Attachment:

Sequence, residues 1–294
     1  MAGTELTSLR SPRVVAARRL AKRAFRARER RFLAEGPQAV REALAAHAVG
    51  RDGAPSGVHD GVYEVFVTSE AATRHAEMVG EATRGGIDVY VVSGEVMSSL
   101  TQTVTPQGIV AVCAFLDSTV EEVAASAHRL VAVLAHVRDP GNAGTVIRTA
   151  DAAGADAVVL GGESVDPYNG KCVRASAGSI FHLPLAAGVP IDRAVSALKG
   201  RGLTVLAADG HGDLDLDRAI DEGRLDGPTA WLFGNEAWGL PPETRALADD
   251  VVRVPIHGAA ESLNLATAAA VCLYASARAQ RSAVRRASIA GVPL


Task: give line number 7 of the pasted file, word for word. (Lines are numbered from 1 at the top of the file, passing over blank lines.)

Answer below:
   251  VVRVPIHGAA ESLNLATAAA VCLYASARAQ RSAVRRASIA GVPL